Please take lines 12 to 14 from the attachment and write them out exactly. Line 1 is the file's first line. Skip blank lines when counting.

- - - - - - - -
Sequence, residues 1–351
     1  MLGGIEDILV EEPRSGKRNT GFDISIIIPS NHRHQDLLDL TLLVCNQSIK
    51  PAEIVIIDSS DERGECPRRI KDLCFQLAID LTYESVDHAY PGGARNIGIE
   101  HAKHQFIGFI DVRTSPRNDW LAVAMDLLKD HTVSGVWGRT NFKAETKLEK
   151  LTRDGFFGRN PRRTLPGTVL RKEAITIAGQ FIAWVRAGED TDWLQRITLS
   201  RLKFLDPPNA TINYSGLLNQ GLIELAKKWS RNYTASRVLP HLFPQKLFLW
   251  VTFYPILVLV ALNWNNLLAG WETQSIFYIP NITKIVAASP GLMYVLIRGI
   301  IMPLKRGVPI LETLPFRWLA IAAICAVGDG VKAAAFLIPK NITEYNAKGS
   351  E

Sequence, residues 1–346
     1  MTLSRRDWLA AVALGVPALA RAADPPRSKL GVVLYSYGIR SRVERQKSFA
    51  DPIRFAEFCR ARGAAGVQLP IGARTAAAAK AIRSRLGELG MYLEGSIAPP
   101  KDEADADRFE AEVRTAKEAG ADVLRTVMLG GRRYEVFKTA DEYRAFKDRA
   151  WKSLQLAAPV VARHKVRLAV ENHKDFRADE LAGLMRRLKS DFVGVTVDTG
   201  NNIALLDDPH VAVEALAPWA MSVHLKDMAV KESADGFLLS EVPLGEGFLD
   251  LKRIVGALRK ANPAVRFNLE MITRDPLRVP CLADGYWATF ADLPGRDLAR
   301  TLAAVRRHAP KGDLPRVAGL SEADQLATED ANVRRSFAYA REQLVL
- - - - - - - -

    51  DPIRFAEFCR ARGAAGVQLP IGARTAAAAK AIRSRLGELG MYLEGSIAPP
   101  KDEADADRFE AEVRTAKEAG ADVLRTVMLG GRRYEVFKTA DEYRAFKDRA
   151  WKSLQLAAPV VARHKVRLAV ENHKDFRADE LAGLMRRLKS DFVGVTVDTG